What strikes me straight up about these numbers is that relative trip rates don’t provide a valid basis for comparison. The only sensible measure is “accidents per km” because it indicates the relative exposure to potential accidents. Share-bike riders pay more the longer they rent the bike, so they have an incentive to take relatively short trips. On the other hand, I think it’s very likely personal riders travel longer distances – e.g. for commuting or leisure – and accordingly have greater exposure to potential accidents.
That doesn’t “disprove” the claim that share-bikes are safer than ordinary bikes, it just says the quoted statistics don’t tell us if they are or they aren’t. But for the sake of argument, let’s suppose share-bikes are safer, even if the difference is less dramatic than the quoted numbers suggest (intuitively, I suspect they actually are a bit safer on a per km basis). But if so, what is the underlying reason? Is it some intrinsic quality of share-bikes? After all, they’re heavier and therefore slower than ordinary bikes so that might explain it. Another reason might be their more upright riding position, which makes them more visible to motorists.
These explanations could have some role, but I think there are more obvious reasons why share-bikes might have a lower accident rate (if in fact they actually do). Read the rest of this entry »
My family let our subscription to The Age lapse the other week. It’s not that $419 p.a. isn’t good value – we’d be prepared to pay a bit more if we had to – it’s just that no one in the household reads the print edition of the paper anymore. And we no longer have to pay anything to read The Age electronically!
My wife has a free six months subscription to the iPad version and I read the free online version. More often than not, the home-delivered paper version never got unrolled. So when the decision came to renew for another year there was no point in pouring another $419 down the drain.
Maybe if the circulation department had followed up with a sweetener we might’ve changed our mind out of habit or because the idea of not reading The Age every morning over coffee and croissants is ‘unMelburnian’. But the company didn’t seem overly bothered about losing us (unlike, for example, lean and nimble Crikey, who worked harder at getting me to resubscribe).
Fairfax is having serious problems with its papers. As I understand it, the Sydney Morning Herald is on the verge of going into the red and The Age isn’t far behind. For Melburnians, there is a high probability that The Age as we know it will disappear from newsstands sooner rather than later.
The problems for Fairfax, the company that owns these papers, started with the enormous drop in revenue from classified advertising. These were rightly called “rivers of gold”. Older Melbourne readers might remember the advertising slogan “icpota” (“in the classified pages of The Age”). Fairfax wasn’t very successful in adapting to the online world – companies like car.sales.com, seek.com and eBay stole its market dominance. Nor does the company seem much better today – only last year my Fairfax-owned local paper, the Banyule & Nillumbik Weekly, was blindsided by a newcomer, the Weekly Review, which took over virtually all its real estate advertising. This week the Fairfax paper is 20 pages (with one half-page real estate ad), the Weekly Review is 96 pages (with 79.5 pages of real estate ads).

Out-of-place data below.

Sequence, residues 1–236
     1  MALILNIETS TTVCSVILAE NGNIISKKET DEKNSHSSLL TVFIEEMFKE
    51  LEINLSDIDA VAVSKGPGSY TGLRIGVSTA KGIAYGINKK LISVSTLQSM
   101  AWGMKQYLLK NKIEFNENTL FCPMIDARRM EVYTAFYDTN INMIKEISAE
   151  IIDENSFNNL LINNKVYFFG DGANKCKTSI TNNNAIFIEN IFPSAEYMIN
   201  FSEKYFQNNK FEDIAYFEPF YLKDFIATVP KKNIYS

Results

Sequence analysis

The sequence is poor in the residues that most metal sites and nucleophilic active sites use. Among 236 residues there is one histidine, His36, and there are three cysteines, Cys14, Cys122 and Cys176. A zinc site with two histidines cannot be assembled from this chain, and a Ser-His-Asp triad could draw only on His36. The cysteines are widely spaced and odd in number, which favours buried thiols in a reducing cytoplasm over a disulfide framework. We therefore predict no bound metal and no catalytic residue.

Another problem for Fairfax is the well known shift of readers (like me) to online media. The company feels it has to have an online presence to “stay in the game” yet it’s too nervous to put up a paywall for fear it will lose readers to other online sites that stay free. It’s earning modest revenue from (awfully intrusive!) online advertising, but Fairfax’s experience with putting its third paper, the Australian Financial Review, behind a paywall hasn’t been positive. The AFR lost visibility because it couldn’t be accessed by search engines, giving newcomers like the online Business Spectator a free kick. From what I can gather, the financial situation of the AFR isn’t healthy either.
New Fairfax CEO Greg Hywood has a plan to turn around the ailing fortunes of Fairfax’s three major newspapers (BTW, Fairfax also owns other assets e.g. 3AW). It seems he’s proposing to put all three online papers behind a semi-permeable paywall where most content is free, but premium content requires payment. This approach would allow search engines access to the site but still leave scope to earn revenue from subscriptions. The New York Times recently moved in this direction – it offers 20 free views per month before requiring a subscription (although if you come to the Times by clicking a link on someone’s sites that doesn’t count toward your 20). Read the rest of this entry »